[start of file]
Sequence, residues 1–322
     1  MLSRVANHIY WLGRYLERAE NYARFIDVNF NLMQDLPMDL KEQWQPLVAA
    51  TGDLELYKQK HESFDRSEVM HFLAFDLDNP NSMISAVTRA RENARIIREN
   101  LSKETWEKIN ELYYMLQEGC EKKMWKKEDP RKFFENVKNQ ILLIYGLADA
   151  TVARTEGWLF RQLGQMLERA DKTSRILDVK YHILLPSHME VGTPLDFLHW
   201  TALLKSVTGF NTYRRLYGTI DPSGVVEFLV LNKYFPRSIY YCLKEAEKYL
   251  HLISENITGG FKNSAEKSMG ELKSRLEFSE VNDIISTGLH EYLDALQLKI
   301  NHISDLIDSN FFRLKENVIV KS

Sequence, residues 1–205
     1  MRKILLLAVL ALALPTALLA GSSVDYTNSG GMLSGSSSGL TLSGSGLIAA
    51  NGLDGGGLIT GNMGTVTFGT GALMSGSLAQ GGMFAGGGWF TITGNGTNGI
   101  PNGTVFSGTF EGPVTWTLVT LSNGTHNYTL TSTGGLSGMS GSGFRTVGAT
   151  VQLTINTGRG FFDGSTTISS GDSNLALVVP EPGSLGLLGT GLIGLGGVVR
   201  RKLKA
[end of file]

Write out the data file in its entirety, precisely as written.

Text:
Sequence, residues 1–322
     1  MLSRVANHIY WLGRYLERAE NYARFIDVNF NLMQDLPMDL KEQWQPLVAA
    51  TGDLELYKQK HESFDRSEVM HFLAFDLDNP NSMISAVTRA RENARIIREN
   101  LSKETWEKIN ELYYMLQEGC EKKMWKKEDP RKFFENVKNQ ILLIYGLADA
   151  TVARTEGWLF RQLGQMLERA DKTSRILDVK YHILLPSHME VGTPLDFLHW
   201  TALLKSVTGF NTYRRLYGTI DPSGVVEFLV LNKYFPRSIY YCLKEAEKYL
   251  HLISENITGG FKNSAEKSMG ELKSRLEFSE VNDIISTGLH EYLDALQLKI
   301  NHISDLIDSN FFRLKENVIV KS

Sequence, residues 1–205
     1  MRKILLLAVL ALALPTALLA GSSVDYTNSG GMLSGSSSGL TLSGSGLIAA
    51  NGLDGGGLIT GNMGTVTFGT GALMSGSLAQ GGMFAGGGWF TITGNGTNGI
   101  PNGTVFSGTF EGPVTWTLVT LSNGTHNYTL TSTGGLSGMS GSGFRTVGAT
   151  VQLTINTGRG FFDGSTTISS GDSNLALVVP EPGSLGLLGT GLIGLGGVVR
   201  RKLKA